Like beetroot juice, beet kvass and beets help naturally cleanse the gallbladder, improve bile flow, remove plenty of toxins and promote regularity!
- Perfect Blood Tonic
Beets contain phytonutrients called betalains that are found in the pigment of beets and are what causes your hands to stain. These betalains help create red blood cells, making beet kvass an excellent blood tonic by alkalizing the blood.
Why is this important? When your bloodstream becomes too acidic, it causes inflammation in the body and depletes the body of calcium because it is trying to balance out the pH levels. One of the best things we can do is consume more alkaline-promoting foods such as beets and leafy green vegetables. That is why beet kvass is an excellent choice!
- Reduces the Risk of Cancer
Most significant of all, beet kvass may help as a natural cancer treatment because of the combination of antioxidant and anti-inflammatory properties available. According to a 2014 report published online at the National Center for Biotechnology Information, beetroot is also being considered as a therapeutic treatment for inflammation, and its antioxidant and anti-inflammatory properties may help reduce the risk of cancer.
Dr. Joseph Mercola shares that, “Research has shown that beetroot extract reduced multi-organ tumor formations in various animal models when administered in drinking water, for instance, while beetroot extract is also being studied for use in treating human pancreatic, breast, and prostate cancers.”
- Beet Kvass Is Rich in Valuable Nutrients
Because beets are high in vitamin C, beet kvass helps boost your immune system and can help stave off the cold virus. It’s unusually high in manganese, a mineral that is needed for the health of your bones, liver, kidneys and pancreas. Beet kvass also contains the B vitamin folate, which may help reduce the risk of birth defects.
History of Kvass
Kvass is most popular in the Ukraine and Russia. Originating in Ukraine, it was first mentioned in the “Primary Chronicle,” an ancient history book of Slavic people also known as “The Tale of Bygone Years,” in events described in the year 996 A.D. following the Christianization of the Kievan Rus.
It’s common to see barrels of kvass on the streets of Moscow in Russia because it’s considered a tonic for digestion, containing probiotics, and an excellent thirst quencher. Some suggest that kvass is safer than drinking water!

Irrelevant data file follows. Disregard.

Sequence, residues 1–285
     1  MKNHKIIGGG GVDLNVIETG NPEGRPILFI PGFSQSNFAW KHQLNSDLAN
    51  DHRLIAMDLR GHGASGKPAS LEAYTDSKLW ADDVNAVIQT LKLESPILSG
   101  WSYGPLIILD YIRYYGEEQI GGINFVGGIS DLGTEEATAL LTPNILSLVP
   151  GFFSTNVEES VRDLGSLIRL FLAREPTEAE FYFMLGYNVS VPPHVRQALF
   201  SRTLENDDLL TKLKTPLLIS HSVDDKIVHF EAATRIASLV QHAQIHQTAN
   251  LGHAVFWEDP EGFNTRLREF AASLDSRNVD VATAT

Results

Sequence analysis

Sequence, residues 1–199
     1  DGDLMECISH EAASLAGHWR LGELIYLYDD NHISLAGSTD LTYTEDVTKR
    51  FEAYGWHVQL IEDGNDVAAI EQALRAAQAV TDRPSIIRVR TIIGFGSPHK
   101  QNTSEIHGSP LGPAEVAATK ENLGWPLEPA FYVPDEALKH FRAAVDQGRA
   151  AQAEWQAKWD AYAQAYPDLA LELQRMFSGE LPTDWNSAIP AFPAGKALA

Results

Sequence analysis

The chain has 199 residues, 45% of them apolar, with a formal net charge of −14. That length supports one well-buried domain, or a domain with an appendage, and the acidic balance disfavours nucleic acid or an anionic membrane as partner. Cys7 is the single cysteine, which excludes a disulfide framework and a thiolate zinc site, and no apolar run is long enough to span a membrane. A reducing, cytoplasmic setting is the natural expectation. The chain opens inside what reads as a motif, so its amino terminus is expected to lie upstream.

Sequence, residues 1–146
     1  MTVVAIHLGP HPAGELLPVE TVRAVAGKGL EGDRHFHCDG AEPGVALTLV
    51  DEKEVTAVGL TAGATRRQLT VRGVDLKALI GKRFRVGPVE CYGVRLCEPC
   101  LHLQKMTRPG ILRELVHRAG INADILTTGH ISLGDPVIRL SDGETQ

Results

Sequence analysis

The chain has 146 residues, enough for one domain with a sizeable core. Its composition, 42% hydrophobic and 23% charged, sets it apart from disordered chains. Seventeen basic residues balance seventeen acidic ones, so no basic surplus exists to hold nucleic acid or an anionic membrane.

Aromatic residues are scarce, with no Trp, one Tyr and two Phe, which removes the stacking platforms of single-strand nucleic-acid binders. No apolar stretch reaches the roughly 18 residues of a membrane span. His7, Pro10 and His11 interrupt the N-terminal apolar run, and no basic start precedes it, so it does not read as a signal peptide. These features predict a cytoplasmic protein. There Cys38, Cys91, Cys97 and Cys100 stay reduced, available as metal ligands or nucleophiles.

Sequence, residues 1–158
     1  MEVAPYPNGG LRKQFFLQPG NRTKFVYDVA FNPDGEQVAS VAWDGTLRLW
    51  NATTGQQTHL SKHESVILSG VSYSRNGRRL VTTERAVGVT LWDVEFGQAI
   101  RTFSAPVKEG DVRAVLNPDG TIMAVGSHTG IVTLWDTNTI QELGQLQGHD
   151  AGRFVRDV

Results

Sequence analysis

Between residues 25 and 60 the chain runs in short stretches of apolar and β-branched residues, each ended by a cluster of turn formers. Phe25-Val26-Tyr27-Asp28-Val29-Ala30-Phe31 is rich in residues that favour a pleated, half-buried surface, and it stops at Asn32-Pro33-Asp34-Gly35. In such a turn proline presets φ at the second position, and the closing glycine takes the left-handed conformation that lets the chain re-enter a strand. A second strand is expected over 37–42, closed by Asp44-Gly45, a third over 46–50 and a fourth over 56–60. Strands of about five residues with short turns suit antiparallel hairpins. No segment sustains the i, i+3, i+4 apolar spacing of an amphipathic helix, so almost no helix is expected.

Russians have been consuming it for more than 1,000 years, as kvass has been enjoyed by czars as well as peasants. The wealthy made various kinds of kvass using rye bread or pears, raisins, cherries, bilberries and lingonberries. Peter the Great even used it to add fragrance to his steam baths by splashing kvass on hot stones.
No traditional Ukranian home was without its bottle of beet kvass, according to Lubow A. Kylvska, author of “Ukranian Dishes,” “handy and ready when a pleasing, sour flavor had to be added to soups and vinaigrettes.”
Folk medicine values beets and beet kvass for their liver-cleansing properties, and beet kvass is widely used in cancer therapy in Europe. It has been reported that beet kvass is an excellent therapy for chronic fatigue syndrome, chemical sensitivities, allergies and, because it is an excellent source of probiotics, it can help with digestive problems.
Sauerkraut & Tumeric
Sauerkraut is is finely cut cabbage that has been fermented and produces a diverse population of live bacteria. Four species of lactic acid bacteria (LAB) are present in sauerkraut fermentations: Leuconostoc mesenteroides, Lactobacillus brevis, Pediococcus pentosaceus, and Lactobacillus plantarum.
Health benefits of Sauerkraut
- helps improve digestion
- Improves Immune function
- Reduces inflammation and allergies
- Protects Cognitive Health
- Help you handle stress